Caring for the caregivers: The next generation (part two)

Caring for the caregivers: The next generation (part two)
By Pat Sheveland
Pat Sheveland
Manager, Business Consulting
Sep 2, 2021
5 MIN. READ
In part one of the “Caring for the Caregivers” series, the statistics bore this truth: the caregivers of today are entering the Medicare-eligible club themselves and bringing a host of mental, physical, and emotional challenges with them. This not only creates a burden on caregivers, but also on the healthcare deliverers and payers.

In this second part of this series, we take a closer look at four areas of focus as solutions to care for the caregivers today for improved health and well-being.

Caregiver education

Providing family caregivers with training on how to support their loved one with activities of daily living, simple medical terminology, and caring for health conditions at home can go a long way in helping reduce anxiety and fear in the caregiver and provide quality care for the member. Creating a formalized training program for family caregivers can provide not only the knowledge required to care for the member, but it also instills confidence in the caregiver.

Payers could partner with educational resources like the American Red Cross (which already has training programs created for external caregiving roles) to provide online programming for the family caregiver. By creating a model of online and in-home training (with a nurse care manager), payers can educate caregivers on needs such as medication management and physical care management.

Care management team support for the caregiver and the patient

The caregiver is a critical player within the care team. They take on the responsibility of communicating with the patient’s healthcare team and advocating for loved ones who are unable to do so for themselves. Regular care management team communications and care conferences are a must to ensure the needs of both the member and the caregiver are being met.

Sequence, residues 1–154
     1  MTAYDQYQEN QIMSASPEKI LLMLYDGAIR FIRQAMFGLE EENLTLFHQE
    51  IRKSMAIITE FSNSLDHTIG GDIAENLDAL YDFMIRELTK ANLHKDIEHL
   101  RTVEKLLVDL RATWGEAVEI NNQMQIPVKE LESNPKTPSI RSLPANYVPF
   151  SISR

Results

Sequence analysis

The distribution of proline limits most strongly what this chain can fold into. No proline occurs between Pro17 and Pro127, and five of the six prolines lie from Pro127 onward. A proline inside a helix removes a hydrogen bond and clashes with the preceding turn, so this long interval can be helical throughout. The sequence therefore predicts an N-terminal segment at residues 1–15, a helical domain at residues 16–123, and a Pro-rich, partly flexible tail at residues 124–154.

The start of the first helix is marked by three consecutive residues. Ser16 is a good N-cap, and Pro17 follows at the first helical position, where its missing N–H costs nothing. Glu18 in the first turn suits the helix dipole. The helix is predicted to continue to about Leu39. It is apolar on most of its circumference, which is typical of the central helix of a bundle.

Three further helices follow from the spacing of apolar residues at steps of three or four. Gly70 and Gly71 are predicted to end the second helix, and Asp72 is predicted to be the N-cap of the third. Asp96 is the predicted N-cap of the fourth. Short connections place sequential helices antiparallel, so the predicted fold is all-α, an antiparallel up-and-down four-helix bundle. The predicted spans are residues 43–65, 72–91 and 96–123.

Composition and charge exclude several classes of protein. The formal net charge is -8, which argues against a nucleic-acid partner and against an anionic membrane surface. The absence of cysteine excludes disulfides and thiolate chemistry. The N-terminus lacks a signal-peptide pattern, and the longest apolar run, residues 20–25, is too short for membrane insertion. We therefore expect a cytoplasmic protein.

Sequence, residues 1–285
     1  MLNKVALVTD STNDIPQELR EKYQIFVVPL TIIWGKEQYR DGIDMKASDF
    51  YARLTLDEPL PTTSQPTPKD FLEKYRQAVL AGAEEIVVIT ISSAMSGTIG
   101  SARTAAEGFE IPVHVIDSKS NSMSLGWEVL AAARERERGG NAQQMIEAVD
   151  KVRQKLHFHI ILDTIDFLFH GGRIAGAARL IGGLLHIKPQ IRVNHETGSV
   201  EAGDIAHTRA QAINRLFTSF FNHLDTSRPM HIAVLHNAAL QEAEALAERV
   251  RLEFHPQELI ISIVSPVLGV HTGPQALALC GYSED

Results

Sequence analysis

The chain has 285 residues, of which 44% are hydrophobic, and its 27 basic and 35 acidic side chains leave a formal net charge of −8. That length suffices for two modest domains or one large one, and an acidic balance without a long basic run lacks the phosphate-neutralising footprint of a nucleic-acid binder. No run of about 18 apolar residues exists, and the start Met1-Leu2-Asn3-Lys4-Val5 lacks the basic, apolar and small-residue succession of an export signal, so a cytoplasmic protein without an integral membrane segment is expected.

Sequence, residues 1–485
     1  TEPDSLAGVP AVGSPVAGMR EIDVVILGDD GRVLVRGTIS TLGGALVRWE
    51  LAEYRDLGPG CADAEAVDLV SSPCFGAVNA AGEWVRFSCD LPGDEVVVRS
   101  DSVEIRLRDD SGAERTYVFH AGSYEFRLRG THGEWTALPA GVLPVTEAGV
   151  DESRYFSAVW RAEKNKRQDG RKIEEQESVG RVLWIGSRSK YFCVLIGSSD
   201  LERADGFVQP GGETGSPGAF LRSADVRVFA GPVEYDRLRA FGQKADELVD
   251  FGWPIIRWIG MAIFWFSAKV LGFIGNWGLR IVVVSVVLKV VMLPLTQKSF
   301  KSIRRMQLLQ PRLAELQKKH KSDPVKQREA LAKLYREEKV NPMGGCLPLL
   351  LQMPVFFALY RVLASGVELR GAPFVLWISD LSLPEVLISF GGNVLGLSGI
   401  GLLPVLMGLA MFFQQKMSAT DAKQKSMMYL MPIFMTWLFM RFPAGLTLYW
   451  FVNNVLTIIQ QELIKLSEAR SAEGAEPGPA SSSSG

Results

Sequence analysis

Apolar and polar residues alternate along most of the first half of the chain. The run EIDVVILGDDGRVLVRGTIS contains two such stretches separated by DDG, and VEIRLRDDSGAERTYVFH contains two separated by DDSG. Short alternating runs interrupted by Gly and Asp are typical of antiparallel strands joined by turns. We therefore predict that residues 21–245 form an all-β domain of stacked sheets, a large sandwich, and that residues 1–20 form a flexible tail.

An article by HealthPayerIntelligence states: “More than financial aid, non-professional caregivers are looking for personal and informative help. When asked to consider several policies, only three in ten caregivers preferred a policy that offered financial aid. Only 28 percent of caregivers in the study had sought out financial assistance, but 84 percent would like more resources about caregiving.”

Payers are key to providing incentives for healthcare providers to develop the necessary programming and time needed to provide access to care teams and other resources. Because many healthcare provider organizations are not currently designed and staffed to support additional caregiver engagement, a shared risk model between payer and healthcare provider organizations—or fee-for-service arrangement—could be part of a viable solution in expanding support for the family caregiver.

Digital support system

In the previously cited article regarding the Aetna partnership with CareLinx, it discusses the incorporation of a digital support system called Care Plan, which connects CareLinx Care Advisors through messaging and providing “updates to the caregiver in real time.” Because smart phones are now a common staple in most homes, having quick and easy access to someone who can provide information and support through a simple text message is quite efficient. It can also be critical in real-time situations where the caregiver needs an immediate answer for a question or situation they are facing.